Sunday, May 18, 2008

Dominican chicken

I've got a couple go-to meals, the ones I hand out when friends who don't cook ask me for recipes. They never fail, they come together easily, and everyone loves them. Bonus points for make ahead and leftovers.

Dominican chicken is one of those. It's a versitile basic, more an ingredient than a dinner in itself, so leftovers can be tarted up and feel new again. Most of the accompaniments are staples in our house, where simple burritos or tacos are popular microwaved lunches.

It goes together fast and then cooks by itself for a good long time--while I do the baby bedtime routine or do other necessities outside of the kitchen. The proportions are loose, so you can add more chicken or more onions and still come up with something nice. I don't measure at all--just a couple glugs of olive oil into the pan, some oregano rubbed between palms, a tinge of cayenne...

And you can use still-frozen chicken breasts--no defrosting, no chicken contamination all over the kitchen.

The long cooking melts the onions and chicken together into a rich, shreddy mess that drips from the bottom of a burrito or the fold of taco or down the chin. It's still good warmed over the next day and probably freezes well, although I haven't tried it. No matter how much I make, it always seems to be gobbled up for lunch the next day.I've been making the recipe since I was 18 and got it from my mom. It's based on a recipe from somewhere, but the source has been since lost. I have a feeling it's not actually Dominican.

Dominican Chicken

5-6 chicken breasts, fresh or frozen
4 large onions, thinly sliced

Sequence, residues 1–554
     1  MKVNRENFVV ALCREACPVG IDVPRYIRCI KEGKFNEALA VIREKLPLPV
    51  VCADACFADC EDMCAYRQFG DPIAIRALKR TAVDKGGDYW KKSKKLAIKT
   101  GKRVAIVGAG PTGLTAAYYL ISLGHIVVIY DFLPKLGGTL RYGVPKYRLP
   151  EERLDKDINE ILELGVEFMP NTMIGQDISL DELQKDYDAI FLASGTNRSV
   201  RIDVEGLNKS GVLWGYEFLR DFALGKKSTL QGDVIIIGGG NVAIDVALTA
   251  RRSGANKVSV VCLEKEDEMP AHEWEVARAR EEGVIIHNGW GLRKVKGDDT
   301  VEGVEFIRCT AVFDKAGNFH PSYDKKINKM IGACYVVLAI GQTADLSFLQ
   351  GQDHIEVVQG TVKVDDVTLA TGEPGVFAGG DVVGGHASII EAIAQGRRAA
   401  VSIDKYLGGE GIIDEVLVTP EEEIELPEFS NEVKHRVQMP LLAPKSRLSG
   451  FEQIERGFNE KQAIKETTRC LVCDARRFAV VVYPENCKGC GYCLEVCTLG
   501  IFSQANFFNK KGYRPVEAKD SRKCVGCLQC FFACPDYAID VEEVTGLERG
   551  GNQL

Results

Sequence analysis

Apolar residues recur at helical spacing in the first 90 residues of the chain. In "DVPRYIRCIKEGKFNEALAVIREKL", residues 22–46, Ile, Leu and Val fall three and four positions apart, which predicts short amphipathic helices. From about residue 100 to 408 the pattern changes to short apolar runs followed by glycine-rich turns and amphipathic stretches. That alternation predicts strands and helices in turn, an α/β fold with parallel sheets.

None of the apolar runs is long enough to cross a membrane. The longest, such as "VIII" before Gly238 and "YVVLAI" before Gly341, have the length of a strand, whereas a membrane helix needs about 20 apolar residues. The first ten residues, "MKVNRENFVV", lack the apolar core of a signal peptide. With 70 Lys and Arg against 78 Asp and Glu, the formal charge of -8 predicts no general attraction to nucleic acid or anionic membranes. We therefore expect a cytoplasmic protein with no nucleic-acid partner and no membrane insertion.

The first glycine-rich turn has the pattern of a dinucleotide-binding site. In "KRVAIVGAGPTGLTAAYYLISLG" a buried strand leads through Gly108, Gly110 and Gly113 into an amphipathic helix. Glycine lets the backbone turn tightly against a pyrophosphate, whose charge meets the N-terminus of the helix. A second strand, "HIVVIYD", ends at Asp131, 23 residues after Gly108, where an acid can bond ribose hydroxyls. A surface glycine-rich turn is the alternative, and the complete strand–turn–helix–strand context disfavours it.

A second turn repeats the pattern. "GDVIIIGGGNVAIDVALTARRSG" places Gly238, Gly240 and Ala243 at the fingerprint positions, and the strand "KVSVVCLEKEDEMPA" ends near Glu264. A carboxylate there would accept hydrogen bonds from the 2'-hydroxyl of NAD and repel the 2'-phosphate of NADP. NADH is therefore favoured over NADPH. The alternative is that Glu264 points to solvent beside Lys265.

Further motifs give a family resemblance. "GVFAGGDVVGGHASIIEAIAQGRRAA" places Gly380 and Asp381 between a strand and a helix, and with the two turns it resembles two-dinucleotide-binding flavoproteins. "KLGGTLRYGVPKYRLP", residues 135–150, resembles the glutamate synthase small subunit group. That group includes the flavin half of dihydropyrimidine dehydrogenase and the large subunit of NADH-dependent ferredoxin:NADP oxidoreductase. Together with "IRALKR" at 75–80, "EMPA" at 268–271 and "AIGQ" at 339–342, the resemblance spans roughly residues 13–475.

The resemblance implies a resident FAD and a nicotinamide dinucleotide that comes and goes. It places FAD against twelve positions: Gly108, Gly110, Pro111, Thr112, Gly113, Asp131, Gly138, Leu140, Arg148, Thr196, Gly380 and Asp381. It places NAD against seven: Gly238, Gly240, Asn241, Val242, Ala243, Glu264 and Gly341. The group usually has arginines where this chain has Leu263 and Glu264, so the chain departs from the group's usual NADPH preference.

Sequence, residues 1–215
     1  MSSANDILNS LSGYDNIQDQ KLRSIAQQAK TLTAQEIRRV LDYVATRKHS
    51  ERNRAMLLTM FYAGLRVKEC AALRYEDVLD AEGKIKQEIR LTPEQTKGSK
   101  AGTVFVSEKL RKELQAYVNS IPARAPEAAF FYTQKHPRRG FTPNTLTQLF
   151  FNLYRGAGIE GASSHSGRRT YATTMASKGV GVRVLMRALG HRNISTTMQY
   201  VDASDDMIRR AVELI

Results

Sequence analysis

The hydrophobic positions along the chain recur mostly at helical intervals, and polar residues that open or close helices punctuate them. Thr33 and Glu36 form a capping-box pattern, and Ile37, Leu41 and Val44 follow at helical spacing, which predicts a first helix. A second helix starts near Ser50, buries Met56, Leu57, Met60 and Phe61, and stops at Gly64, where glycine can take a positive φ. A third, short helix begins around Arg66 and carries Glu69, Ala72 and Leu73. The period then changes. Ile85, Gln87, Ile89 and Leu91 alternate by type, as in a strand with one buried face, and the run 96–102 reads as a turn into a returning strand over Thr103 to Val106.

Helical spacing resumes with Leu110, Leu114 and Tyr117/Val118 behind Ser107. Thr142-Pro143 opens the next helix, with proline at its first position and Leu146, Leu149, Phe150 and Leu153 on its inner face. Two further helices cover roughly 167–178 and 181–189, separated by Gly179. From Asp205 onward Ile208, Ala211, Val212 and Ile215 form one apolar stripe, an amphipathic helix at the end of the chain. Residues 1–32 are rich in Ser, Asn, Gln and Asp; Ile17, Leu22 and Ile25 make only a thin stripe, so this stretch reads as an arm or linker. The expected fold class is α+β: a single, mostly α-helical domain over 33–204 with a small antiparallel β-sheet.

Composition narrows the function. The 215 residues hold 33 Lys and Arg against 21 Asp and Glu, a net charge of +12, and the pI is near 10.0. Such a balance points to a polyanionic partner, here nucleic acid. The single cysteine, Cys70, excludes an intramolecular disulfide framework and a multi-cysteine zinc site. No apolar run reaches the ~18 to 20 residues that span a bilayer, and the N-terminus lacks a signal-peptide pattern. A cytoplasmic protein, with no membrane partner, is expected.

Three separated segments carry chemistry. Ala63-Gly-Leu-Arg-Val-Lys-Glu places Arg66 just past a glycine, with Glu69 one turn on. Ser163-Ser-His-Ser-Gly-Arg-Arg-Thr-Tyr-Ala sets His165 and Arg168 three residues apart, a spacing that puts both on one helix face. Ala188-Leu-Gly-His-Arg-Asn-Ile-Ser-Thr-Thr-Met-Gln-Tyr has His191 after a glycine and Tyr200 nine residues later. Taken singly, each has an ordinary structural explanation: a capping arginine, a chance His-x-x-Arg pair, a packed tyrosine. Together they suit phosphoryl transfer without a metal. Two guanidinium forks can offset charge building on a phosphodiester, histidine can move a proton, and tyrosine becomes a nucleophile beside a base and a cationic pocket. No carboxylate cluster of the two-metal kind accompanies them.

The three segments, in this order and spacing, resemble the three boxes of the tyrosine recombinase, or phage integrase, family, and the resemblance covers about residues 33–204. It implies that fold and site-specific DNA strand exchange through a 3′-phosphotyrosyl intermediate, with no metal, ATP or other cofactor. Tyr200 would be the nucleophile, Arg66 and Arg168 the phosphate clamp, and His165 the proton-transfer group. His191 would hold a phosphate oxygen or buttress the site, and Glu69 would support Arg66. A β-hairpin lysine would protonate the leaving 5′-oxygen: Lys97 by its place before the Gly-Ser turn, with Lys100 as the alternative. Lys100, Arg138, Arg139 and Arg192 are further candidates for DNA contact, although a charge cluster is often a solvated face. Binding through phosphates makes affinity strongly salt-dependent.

4 peeled garlic cloves
1 bay leaf
1 t. dried oregano
a dash of cayenne pepper (or more if you like it spicy)
salt & pepper
1/4 c. olive oil
2 T. white wine vinegar

If you are using fresh or defrosted chicken, pat dry and cut into 2-inch pieces.

In a heavy casserole dish or pot, combine everything but oil and vinegar. Frozen chicken is easy--just toss it right in--but it will take longer to cook. Pour oil and vinegar over.

Cover and simmer gently until chicken is tender, stirring a couple times to prevent stickage. Fresh chicken takes about 45 minutes; frozen, at least twice that. Uncover in the last 15 minutes or so of cooking if it is too juicy.

Shred the meat with two forks and serve in burritos, tacos, or tostadas with any or all of the following: refried beans, cotija cheese (or whatever you have on hand), radishes, fresh onions, avocado, shredded lettuce, pumpkin seeds, cilantro, salsa...

On this night, we had tostadas, which I make myself (rubbing corn tortillas with olive oil and sprinkling with salt, popping into a 350-degree or so oven until brown). The packages of tostadas from Mexico are good too, but not as healthy or budget-friendly.

No comments: